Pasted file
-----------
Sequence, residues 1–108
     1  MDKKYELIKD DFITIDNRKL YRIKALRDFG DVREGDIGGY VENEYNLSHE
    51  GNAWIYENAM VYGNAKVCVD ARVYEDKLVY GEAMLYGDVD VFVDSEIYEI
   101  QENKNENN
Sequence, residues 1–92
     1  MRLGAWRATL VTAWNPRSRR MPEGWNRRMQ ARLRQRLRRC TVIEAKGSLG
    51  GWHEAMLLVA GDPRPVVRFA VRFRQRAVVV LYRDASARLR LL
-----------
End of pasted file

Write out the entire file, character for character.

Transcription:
Sequence, residues 1–108
     1  MDKKYELIKD DFITIDNRKL YRIKALRDFG DVREGDIGGY VENEYNLSHE
    51  GNAWIYENAM VYGNAKVCVD ARVYEDKLVY GEAMLYGDVD VFVDSEIYEI
   101  QENKNENN
Sequence, residues 1–92
     1  MRLGAWRATL VTAWNPRSRR MPEGWNRRMQ ARLRQRLRRC TVIEAKGSLG
    51  GWHEAMLLVA GDPRPVVRFA VRFRQRAVVV LYRDASARLR LL